DIVE SITES
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MOUNTS BAY TO LANDS END


Penzance is the centre of operations for those divers looking to dive the spectacular far south-west of Cornwall. Strangely, many divers coming to Cornwall either do not make it as far as Penzance or simply pass through on their way to the Scilly Isles.

Penzance will offer access to the coastal and offshore sites between Mounts Bay in the north- east to Lands End and the Longships in the south- west. For the adventurous and well equipped, the Wolf Rock and infamous Seven Stones reef are within reach when weather conditions allow. The variety of wreck and reef sites is almost endless and the combination of the Atlantic, Gulf Stream and few river outfalls, often results in impressive visibility and some unusual marine life.

Currently there is only one day boat for charter from Penzance (Son Calou), so if this is full then groups must opt for their own boat or a liveaboard. The best launch site is Penzance harbour which offers easy access to a wide slipway, but it does dry at low water. Adjacent to the slipway is Mounts Bay Divings compressor (also operates Son Calou) and the Penzance BSAC clubhouse and bar. It is advisable to talk to the local club and dive centre as knowledge of the tides, especially towards Lands End, is essential here.

Prussia Cove:
Prussia Cove and Bessys Cove are found on the eastern side of Mounts Bay behind Cudden Point. They are locally infamous for their smuggling history, but for the diver offer a delightful selection of gullies, tunnels and marine life in depths of 5-15m of water. In the centre of Prussia Cove can be found an area of wreckage which marks the site of the stranding of HMS Warspite in 1947 while under tow to the breakers yard.

She was heavily damaged by a severe south-west gale and eventually partially salvaged here before being moved to St. Michael's Mount in Mounts Bay, where the ongoing salvage of the hulk was a landmark for several years. There is quite a selection of wreckage left on the seabed and interesting finds are still discovered by the patient diver.

The SS Hellopes:
On the western side of Mounts Bay lies the wreck of the 2,774 ton steamer Hellopes which sank on December 29, 1911 off Penzance. She too was on her way to the breakers yard carrying a cargo of coal which shifted in a fierce NNW gale. The wreck now lies in 32-34m of water on her side with the hull relatively intact and steel screw and rudder still in place. Tides are not much of a problem except on springs and the wreck is easily found on land marks (talk to the locals) and echo sounder as she stands up well from a sand and shale seabed at approximately Lat 50.02.5N Long 05.30.6W.

Bucks Reef:
West of Penzance and close to Lamorna Cove lie the Inner and Outer Bucks Reef which show perhaps a quarter mile offshore as two pinnacles at low water. The best diving is found on the Outer Bucks, which provides drop off diving to 27-35m. The walls and huge boulders harbour a wide range of colourful marine life and there is evidence of wreckage and steam coal in 20m or so. This is believed to originate from the steamship Garronne which came to grief between the two reefs on May 22,1868. Her well broken remains can be found in 3-8m of water between the pinnacles, but is best left for a day without swell. This site is best dived on slack water especially during spring tide. There is a slipway at Lamorna Cove but access is tight and the car park is often packed to capacity during summer. There is some notoriously soft sand at the bottom of the slipway which can swallow a heavy RIB and trailer ­ so aim for mid tide or high water. See the harbour warden at the cove cafŽ before launching.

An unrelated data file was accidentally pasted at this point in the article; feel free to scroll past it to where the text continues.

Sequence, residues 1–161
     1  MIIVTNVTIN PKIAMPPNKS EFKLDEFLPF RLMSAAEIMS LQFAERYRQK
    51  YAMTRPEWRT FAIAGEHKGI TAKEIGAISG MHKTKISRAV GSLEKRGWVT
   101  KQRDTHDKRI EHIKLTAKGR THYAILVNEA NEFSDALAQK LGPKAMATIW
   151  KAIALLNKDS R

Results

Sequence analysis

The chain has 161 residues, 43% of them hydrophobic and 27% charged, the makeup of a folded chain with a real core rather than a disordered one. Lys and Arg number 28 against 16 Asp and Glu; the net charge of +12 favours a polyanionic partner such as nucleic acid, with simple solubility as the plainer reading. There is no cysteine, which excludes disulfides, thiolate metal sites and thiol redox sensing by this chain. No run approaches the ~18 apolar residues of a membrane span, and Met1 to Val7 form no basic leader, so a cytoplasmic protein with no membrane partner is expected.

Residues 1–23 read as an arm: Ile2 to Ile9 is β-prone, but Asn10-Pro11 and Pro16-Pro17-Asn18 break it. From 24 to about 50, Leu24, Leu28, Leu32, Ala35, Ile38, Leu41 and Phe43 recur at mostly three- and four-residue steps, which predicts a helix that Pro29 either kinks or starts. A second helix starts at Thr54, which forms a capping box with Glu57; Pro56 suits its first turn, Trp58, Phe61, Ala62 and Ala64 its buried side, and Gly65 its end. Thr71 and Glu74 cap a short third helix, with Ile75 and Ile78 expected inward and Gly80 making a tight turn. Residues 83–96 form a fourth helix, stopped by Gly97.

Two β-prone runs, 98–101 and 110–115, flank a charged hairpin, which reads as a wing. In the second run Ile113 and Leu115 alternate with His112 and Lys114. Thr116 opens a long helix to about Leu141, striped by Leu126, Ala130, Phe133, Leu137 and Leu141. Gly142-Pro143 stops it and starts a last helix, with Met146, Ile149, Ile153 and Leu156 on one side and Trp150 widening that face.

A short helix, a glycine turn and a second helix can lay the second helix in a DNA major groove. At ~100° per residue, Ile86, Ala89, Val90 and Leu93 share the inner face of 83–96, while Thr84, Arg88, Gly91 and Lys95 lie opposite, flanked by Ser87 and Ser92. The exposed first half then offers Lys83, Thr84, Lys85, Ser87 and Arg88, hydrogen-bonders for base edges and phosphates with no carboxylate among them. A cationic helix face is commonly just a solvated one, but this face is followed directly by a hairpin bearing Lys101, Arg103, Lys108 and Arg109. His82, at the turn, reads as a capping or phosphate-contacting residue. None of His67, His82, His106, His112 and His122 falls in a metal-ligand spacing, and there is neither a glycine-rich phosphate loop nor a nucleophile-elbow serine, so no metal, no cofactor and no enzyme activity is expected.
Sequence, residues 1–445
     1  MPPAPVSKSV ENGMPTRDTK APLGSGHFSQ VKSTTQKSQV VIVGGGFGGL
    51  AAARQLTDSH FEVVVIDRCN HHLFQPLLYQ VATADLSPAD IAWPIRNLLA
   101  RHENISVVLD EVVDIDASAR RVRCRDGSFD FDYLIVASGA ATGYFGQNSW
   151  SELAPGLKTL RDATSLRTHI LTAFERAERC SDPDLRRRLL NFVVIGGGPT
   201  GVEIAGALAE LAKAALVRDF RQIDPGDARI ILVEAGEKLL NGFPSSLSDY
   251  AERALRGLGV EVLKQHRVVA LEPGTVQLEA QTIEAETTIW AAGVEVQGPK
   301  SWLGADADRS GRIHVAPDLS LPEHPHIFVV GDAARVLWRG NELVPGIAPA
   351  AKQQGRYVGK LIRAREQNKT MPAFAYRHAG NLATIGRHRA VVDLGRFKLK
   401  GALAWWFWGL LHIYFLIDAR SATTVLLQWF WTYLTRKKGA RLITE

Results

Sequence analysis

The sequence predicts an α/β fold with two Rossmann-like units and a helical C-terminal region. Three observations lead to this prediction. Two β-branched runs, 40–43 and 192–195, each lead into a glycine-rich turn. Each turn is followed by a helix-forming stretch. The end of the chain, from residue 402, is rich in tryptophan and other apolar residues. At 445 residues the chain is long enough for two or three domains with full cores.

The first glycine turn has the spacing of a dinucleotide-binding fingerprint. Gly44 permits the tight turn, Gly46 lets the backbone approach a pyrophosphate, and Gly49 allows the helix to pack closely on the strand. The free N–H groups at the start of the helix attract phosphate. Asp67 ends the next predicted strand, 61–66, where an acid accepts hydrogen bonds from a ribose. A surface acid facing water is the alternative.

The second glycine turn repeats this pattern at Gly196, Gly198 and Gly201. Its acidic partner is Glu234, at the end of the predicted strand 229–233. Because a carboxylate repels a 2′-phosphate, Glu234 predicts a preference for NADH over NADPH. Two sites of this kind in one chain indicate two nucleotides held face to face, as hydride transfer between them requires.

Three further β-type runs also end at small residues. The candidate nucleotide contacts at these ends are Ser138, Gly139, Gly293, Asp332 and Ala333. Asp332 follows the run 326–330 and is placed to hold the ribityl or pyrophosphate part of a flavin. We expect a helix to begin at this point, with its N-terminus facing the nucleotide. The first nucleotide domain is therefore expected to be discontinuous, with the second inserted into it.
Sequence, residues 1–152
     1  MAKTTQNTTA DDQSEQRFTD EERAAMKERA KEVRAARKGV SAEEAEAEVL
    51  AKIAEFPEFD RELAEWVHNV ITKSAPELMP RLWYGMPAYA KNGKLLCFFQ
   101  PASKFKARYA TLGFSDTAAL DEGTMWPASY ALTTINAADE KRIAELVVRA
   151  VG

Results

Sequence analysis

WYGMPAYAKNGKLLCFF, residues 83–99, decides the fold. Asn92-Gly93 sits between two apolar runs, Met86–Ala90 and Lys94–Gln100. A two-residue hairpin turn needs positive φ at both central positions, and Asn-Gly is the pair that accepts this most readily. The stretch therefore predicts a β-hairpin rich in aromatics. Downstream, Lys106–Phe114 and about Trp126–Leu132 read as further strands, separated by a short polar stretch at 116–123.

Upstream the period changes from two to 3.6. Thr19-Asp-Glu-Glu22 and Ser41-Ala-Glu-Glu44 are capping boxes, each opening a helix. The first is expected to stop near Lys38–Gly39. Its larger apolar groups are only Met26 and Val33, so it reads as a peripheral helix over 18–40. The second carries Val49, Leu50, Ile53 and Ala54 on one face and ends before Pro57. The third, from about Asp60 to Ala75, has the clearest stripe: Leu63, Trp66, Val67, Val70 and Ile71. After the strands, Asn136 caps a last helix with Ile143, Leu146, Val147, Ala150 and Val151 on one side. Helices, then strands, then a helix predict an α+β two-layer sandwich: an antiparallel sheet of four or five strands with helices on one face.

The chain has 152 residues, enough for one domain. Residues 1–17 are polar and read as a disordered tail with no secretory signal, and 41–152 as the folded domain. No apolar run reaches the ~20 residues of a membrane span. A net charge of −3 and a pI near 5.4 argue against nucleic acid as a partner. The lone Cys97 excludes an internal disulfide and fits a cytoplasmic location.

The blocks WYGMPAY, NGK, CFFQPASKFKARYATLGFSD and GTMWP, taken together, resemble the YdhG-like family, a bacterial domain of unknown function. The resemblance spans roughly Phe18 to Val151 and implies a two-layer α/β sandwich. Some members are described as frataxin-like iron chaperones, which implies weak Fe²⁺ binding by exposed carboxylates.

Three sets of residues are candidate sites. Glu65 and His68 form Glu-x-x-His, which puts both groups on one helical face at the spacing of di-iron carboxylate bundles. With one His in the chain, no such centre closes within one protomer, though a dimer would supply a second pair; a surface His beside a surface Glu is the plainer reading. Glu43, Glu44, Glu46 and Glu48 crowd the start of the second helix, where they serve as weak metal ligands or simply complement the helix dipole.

The SS Lincoln:
This is a wreck of an early steam sailer located approximately a mile and a half off St. Loys Bay to the west of Lamorna Cove. She sank in May 1886 after striking the Runnel Stone in thick fog and the majority of her remains can now be found in 28-35m of water on an attractive area of reef. The latter makes her hard to locate on just an echo sounder, so GPS/Decca are more reliable (50.02.56N / 05.35.42W approx.). Some salvage work is apparent and the major goodies are long gone, but interesting finds are still possible as the wreck is not often dived. Divers spotting the spare propeller on the bow should contain their excitement as it is iron!

The Wolf Rock is a pinnacle seven miles from the nearest land and in common with the Longships also supports a lighthouse. Sheer drop-offs around the rock plummet to 60m plus and its isolation ensure stunning marine life. The rock earned its name from the sound caused by gale force winds blowing over it, howling like a wolf, and gives some indication of the normal weather conditions here. However, if the conditions permit and you have a skipper with local knowledge, this for some will represent the ultimate dive site in an area which can offer so much choice.

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